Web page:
The Watsons were so besotted with the community that they made an offer on a five-bedroom home during the visit. By December, they had moved full-time from California to Alys Beach with their two daughters.

White walls and roofs are among the requirements that create the unusual aesthetic of Alys Beach, a 158-acre community on the Gulf of Mexico off Scenic Highway 30A. The look has proven popular with home buyers: Over the past several years, demand for homes there has increased and prices have ballooned, according to local real-estate agent Jonathan Spears with Compass. In the first quarter of 2023, the average sale price in Alys Beach was $5.74 million, up about 25% from $4.59 million during the same period of last year, he said.

“Most of the families that we’ve met here, 20 to 25 families, have bought in the last three years,” said Dr. Weill, 59, an organ-transplant specialist and author. He and his wife live primarily in New Orleans and spend about 170 days a year in Alys Beach.

When Alabama residents Elton B. Stephens and his wife, Alys Stephens, started vacationing on the Panhandle about 70 years ago, what is now Alys Beach was vacant land. At the time, the area had yet to become a popular vacation spot, according to their granddaughter, Alys Protzman. “I can only imagine what the roads must have been like,” she said. “Many people were not vacationing down there at that point.”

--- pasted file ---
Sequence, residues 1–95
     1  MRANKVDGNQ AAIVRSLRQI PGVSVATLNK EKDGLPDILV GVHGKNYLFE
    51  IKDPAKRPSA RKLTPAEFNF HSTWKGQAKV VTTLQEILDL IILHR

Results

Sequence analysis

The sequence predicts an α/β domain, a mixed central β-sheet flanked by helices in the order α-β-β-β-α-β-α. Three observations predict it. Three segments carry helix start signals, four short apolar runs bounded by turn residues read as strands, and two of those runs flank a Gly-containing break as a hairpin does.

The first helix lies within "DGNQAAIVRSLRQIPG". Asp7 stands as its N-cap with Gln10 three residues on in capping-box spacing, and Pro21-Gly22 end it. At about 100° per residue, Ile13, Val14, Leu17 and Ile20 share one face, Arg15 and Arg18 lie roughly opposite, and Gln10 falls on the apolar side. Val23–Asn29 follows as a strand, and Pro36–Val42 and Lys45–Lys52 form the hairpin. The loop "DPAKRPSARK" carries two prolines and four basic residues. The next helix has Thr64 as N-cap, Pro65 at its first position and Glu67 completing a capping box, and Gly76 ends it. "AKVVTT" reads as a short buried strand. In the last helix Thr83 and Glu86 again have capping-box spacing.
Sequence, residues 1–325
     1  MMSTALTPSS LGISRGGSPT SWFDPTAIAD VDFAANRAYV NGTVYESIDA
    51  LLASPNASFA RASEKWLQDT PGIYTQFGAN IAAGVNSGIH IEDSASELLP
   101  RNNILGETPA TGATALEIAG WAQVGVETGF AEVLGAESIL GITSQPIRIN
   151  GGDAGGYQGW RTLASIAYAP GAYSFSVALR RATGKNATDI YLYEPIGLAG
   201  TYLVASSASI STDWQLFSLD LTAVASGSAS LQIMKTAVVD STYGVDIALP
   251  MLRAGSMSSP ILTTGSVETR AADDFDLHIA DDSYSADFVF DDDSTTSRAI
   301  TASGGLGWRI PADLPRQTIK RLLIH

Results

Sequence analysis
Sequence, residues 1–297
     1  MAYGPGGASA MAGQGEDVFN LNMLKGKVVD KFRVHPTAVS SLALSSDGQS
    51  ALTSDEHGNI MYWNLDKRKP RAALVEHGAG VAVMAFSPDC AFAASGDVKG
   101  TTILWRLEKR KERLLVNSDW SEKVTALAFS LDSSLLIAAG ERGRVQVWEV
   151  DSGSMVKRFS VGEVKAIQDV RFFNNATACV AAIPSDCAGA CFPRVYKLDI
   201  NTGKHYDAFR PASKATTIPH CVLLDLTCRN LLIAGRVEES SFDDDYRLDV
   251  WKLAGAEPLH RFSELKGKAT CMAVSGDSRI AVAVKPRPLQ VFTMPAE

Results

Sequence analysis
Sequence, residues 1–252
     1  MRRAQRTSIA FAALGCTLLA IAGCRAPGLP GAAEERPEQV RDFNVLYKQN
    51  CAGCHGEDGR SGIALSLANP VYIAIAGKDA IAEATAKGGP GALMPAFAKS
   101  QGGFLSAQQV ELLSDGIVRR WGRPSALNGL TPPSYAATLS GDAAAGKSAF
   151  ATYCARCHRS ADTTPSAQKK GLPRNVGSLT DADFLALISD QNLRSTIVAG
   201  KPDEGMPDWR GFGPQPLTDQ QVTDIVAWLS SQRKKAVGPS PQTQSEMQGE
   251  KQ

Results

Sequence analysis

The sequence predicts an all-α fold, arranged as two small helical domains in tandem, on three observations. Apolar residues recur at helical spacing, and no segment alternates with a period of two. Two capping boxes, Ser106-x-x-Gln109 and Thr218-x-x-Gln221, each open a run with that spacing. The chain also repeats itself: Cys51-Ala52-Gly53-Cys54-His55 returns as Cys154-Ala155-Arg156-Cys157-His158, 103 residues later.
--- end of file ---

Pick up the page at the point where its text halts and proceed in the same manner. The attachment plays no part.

In the 1970s, Mr. Stephens purchased the land that would become Alys Beach through his company, the Birmingham-based conglomerate Ebsco Industries. The Stephens family held on to the land for decades as beach communities grew up around it. In the early 2000s, they felt the time was right to develop the land into a second-home community, Ms. Protzman said. They named it after her grandmother, Alys Stephens, who had died by the time construction commenced in 2004.

Ms. Protzman’s cousin, Jason Comer, spearheaded the project with urban planners AndrĂ©s Duany and Galina Tachieva of DPZ CoDesign. Mr. Duany had been part of a team in the 1990s that coined the term New Urbanism, which refers to the creation of mixed-use, walkable communities. DPZ CoDesign has been behind the design of several New Urbanist communities on the Panhandle, including Rosemary and Seaside.

In designing Alys Beach, Mr. Duany said the goal was to create a community that was both walkable and private. To do this, many of the homes are built around individual courtyards, a design that was inspired by courtyard homes in Guatemala. They are also close together, some sharing party walls, which creates a cohesive sea of white along the community’s narrow streets. “With the conventional American house, you need a large lot to achieve privacy,” Mr. Duany said, “but the courtyard provides privacy in a relatively small lot.” This allows Alys to have a high density and enough people to support the restaurants and public life, he said.

Most people in the community walk or ride bicycles, said Dr. Weill. “We stay most of the summer there, and I can go a month without getting into the car,” he said.